Wednesday, June 27, 2018

How did Chazal "know" that Bilaam committed bestiality with his donkey?


How did Chazal "know" that Bilaam committed bestiality with his donkey?

They didn't, but it is a matter of textual interpretation. As mentioned in Avodah Zarah 4b, the words

ההסכן הסכנתי

find a secondary meaning, a double-entendre if you will, of 'warming' by night. They point to the parallel by Avishag haShunamit (though there the warming was non-sexual). As Rashi explains (Bemidbar 22:30):

The she-donkey said to Balaam, "Am I not your she-donkey on which you have ridden since you first started until now? Have I been accustomed to do this to you?" He said, "No." לוַתֹּ֨אמֶר הָֽאָת֜וֹן אֶל־בִּלְעָ֗ם הֲלוֹא֩ אָֽנֹכִ֨י אֲתֹֽנְךָ֜ אֲשֶׁר־רָכַ֣בְתָּ עָלַ֗י מֵעֽוֹדְךָ֙ עַד־הַיּ֣וֹם הַזֶּ֔ה הַֽהַסְכֵּ֣ן הִסְכַּ֔נְתִּי לַֽעֲשׂ֥וֹת לְךָ֖ כֹּ֑ה וַיֹּ֖אמֶר לֹֽא:
Have I become accustomed: Heb. הַהַסְכֵּן הִסְכַּנְתִּי. As the Targum [Onkelos] renders [lit., have I learned to do this?]. Similarly,“Does man learn (יִסְכָּן) for God?” (Job 22:2). Our Rabbis, however, expounded this verse in the Talmud: They [the Moabite dignitaries] said to him, “Why aren’t you riding on a horse?” He [Balaam] said to them, “I sent it out to pasture.” [Immediately, the she-donkey retorted, “Am I not your she-donkey?” He said to her, “Just for bearing burdens.” She retorted, “on which you have ridden.” He said to her, “Only on occasion.” She retorted,“since you first started until now, and not only that but I provide you with riding by day, and with intimacy at night, (interpreting Heb. הַהַסְכֵּן הִסְכַּנְתִּי as”I heated you up,") as is stated in Tractate Avodah Zarah [4b]. ההסכן הסכנתי: כתרגומו, וכן (איוב כב, ב) הלאל יסכן גבר. ורבותינו דרשו מקרא זה בגמרא אמרו ליה, מאי טעמא לא רכבת אסוסיא. אמר להון ברטיבא שדאי ליה וכו', כדאיתא במסכת עבודה זרה (ד ב):

It seems possible that they also saw a double-entendre in אֲשֶׁר־רָכַ֣בְתָּ עָלַ֗י. That explains the immediate mechanics. What about the impetus?

I can see three impetiuses.

(A) a global desire to paint bad guys negatively
(B) a local desire to expand upon, and explain, the "embarrassment" of the previous verse, in such manner as to make each subsequent phrase an explanation of the "embarrassment", in increasing order.
(C) that the donkey was executed by the angel, as detailed in another midrash; this execution was for sparing of embarrassment, and Chazal found the other instance of execution of an animal to spare embarrassment.

(A) The global desire to paint bad guys negatively

It is a general trend in midrash to take "bad-guy" Biblical characters who are, on a peshat level, painted in shades of gray, and to paint them as totally dark. We see this for Lavan, for Lot, for Esav, for Pharaoh, and so on.

Similarly, for the heroes and "good guys", even where they act in ways which seem not-so-good, the midrash will paint them and their actions as more clearly defined white-hats. And neutral statements on a peshat level will be certainly taken as accounts of praiseworthy actions.

There may be many reasons for this. (Maharatz Chajes discusses this phenomenon at length, IIRC in Iggeret Bikkoret). The purpose of these midrashim may be homiletical, to provide positive role models and vice versa, a Goofus and Gallant. It could be that Chazal are just always going to pick up on this nuanced language, and will naturally and honestly assume that these will be holding hidden condemnation or tales of good deeds. Context dictates which one, and the overall character of the person is the best context.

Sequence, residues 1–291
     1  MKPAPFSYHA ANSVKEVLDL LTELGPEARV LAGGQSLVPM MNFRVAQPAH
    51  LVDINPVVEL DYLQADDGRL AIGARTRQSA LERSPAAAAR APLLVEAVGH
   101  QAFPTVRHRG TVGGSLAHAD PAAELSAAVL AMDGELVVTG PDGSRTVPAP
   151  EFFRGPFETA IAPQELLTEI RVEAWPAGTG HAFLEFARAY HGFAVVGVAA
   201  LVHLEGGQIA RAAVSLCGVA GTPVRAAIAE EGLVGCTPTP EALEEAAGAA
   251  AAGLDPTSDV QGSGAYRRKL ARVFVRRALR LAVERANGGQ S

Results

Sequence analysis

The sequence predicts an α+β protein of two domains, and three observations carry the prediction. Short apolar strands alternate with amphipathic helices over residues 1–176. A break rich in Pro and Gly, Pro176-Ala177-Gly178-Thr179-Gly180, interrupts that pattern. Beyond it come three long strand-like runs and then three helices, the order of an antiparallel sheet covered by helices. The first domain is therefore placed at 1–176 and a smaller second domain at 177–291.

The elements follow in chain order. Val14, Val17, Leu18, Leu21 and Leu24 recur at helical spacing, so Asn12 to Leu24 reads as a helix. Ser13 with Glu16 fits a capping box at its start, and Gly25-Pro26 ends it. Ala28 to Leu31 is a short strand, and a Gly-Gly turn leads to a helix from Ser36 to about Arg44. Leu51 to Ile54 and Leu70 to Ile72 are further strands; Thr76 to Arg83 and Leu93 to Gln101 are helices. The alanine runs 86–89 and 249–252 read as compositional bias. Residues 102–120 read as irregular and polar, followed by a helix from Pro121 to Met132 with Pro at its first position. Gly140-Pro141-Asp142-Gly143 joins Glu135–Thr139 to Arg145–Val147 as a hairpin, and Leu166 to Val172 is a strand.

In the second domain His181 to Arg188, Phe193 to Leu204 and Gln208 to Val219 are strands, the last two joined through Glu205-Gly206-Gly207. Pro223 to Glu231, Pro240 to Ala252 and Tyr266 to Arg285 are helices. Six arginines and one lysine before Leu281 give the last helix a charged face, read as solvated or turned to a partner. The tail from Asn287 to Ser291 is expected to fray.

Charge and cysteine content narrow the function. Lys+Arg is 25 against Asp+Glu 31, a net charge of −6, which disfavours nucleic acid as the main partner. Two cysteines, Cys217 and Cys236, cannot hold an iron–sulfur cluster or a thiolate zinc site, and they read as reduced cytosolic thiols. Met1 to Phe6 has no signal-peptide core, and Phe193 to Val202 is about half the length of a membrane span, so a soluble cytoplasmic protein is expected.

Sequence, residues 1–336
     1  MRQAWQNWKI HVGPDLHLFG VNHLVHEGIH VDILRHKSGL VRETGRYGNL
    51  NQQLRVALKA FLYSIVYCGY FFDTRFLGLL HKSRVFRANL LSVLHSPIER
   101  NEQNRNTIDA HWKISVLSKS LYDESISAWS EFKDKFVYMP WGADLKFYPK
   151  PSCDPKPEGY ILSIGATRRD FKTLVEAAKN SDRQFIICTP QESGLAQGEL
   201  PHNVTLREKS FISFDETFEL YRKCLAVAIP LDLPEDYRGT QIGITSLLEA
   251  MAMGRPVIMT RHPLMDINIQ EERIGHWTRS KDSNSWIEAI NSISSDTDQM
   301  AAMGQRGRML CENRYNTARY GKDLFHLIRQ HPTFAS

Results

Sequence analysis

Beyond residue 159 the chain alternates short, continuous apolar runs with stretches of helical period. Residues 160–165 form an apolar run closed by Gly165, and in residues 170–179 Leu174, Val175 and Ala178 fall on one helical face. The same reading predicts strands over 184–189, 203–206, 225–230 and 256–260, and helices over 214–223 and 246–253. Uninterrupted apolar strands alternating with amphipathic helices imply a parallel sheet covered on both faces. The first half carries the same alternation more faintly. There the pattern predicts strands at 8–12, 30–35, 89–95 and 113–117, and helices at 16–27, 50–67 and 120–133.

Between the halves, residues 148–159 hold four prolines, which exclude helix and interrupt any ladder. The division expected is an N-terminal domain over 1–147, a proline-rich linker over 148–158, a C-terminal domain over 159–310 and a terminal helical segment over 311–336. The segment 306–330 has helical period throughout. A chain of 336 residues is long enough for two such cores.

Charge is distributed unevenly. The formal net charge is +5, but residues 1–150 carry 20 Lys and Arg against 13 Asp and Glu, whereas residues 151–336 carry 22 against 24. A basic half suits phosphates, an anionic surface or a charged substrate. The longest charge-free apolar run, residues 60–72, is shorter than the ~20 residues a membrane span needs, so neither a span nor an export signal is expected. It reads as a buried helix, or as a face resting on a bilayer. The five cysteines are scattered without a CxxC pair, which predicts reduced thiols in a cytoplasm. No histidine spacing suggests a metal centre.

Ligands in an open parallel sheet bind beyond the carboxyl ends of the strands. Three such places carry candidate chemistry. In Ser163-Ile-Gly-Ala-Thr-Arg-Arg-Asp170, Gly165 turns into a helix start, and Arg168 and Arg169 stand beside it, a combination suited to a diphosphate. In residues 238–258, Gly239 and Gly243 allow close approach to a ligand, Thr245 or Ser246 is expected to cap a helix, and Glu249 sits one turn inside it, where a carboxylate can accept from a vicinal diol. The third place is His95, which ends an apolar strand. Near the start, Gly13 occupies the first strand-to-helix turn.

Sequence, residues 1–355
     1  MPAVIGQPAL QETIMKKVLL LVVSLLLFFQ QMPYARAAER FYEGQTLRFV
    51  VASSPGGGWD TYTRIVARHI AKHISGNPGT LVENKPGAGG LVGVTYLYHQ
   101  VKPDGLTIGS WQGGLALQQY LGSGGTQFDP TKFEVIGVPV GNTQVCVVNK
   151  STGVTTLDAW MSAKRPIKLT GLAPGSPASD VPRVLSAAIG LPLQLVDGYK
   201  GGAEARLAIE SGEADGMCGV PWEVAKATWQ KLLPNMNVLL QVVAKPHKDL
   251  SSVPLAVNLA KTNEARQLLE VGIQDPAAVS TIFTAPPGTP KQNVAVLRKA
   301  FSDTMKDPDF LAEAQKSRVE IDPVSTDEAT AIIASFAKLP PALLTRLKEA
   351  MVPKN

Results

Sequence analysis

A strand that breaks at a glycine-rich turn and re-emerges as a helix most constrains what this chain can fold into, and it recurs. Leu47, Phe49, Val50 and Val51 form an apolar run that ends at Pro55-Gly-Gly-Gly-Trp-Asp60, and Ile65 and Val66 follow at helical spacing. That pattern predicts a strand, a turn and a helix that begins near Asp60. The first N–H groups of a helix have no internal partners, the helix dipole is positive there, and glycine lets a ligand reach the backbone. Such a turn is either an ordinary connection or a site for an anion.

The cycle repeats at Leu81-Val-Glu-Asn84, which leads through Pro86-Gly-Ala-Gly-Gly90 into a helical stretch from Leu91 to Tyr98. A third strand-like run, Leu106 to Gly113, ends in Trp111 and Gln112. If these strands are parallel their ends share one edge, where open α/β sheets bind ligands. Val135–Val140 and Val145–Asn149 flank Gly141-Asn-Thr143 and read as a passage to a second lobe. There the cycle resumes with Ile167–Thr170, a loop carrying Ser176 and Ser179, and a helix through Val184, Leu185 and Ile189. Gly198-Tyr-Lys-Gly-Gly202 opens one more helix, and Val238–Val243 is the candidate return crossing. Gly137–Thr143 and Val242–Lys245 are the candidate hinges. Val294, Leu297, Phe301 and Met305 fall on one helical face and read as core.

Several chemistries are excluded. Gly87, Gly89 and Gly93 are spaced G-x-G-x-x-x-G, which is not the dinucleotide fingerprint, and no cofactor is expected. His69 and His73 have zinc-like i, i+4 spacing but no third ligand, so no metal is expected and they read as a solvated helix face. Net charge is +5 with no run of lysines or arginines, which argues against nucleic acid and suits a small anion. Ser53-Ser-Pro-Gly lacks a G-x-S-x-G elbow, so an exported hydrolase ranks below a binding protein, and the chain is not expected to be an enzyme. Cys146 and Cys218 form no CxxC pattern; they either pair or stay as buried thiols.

(B) a local desire to expand upon the "Embarrassment"

The previous verse (22:29, and Rashi) read:

Balaam said to the she-donkey, "For you have humiliated me; if I had a sword in my hand, I would kill you right now." כטוַיֹּ֤אמֶר בִּלְעָם֙ לָֽאָת֔וֹן כִּ֥י הִתְעַלַּ֖לְתְּ בִּ֑י ל֤וּ יֶשׁ־חֶ֨רֶב֙ בְּיָדִ֔י כִּ֥י עַתָּ֖ה הֲרַגְתִּֽיךְ:
you have humiliated: Heb. הִתְעַלַּלְתָּ. As the Targum [Onkelos] renders it, a term denoting shame and disgrace. התעללת: כתרגומו לשון גנאי ובזיון:
If I had a sword in my hand: This matter made him greatly contemptible in the eyes of the dignitaries. This man was going to kill an entire nation with his mouth, yet for this she-donkey he needed weapons!- [Mid. Tanchuma Balak 9, Num. Rabbah 20:14] לו יש חרב בידי: גנות גדולה היה לו דבר זה בעיני השרים, זה הולך להרוג אומה שלמה בפיו, ולאתון זו צריך לכלי זיין:


The word hitalalta is ambiguous, but is understood by Chazal to denote embarrassment, shame, and disgrace. We have an immediate disgrace in the very verse, namely that he did not have the ability to slay the donkey with his own mouth, but would require a weapon.

But the embarrassment and shame, on a peshat level, is that his donkey repeatedly has disregarded his directions! He cannot control his donkey, and so has smote her three times.

But then the embarrassment continues. And the donkey's conversation repeatedly exposes the lowly stature of Bilaam before the Moabite dignitaries, culminating with revelations that he regularly engaged in intimacy with his donkey.

(C) That the donkey was executed by the angel

However, I think a real key to this interpretation is to be found later in the same perek. In pasuk 33: